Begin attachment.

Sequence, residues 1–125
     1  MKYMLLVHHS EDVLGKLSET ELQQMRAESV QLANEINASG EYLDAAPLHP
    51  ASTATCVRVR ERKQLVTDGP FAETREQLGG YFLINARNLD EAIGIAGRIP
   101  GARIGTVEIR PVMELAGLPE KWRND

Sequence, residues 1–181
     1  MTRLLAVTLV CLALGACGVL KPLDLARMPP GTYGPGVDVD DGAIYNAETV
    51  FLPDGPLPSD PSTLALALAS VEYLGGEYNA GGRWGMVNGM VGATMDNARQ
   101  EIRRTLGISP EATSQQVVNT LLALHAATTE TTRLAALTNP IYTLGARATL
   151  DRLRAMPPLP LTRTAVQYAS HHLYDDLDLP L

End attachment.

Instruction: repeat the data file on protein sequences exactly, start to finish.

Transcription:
Sequence, residues 1–125
     1  MKYMLLVHHS EDVLGKLSET ELQQMRAESV QLANEINASG EYLDAAPLHP
    51  ASTATCVRVR ERKQLVTDGP FAETREQLGG YFLINARNLD EAIGIAGRIP
   101  GARIGTVEIR PVMELAGLPE KWRND

Sequence, residues 1–181
     1  MTRLLAVTLV CLALGACGVL KPLDLARMPP GTYGPGVDVD DGAIYNAETV
    51  FLPDGPLPSD PSTLALALAS VEYLGGEYNA GGRWGMVNGM VGATMDNARQ
   101  EIRRTLGISP EATSQQVVNT LLALHAATTE TTRLAALTNP IYTLGARATL
   151  DRLRAMPPLP LTRTAVQYAS HHLYDDLDLP L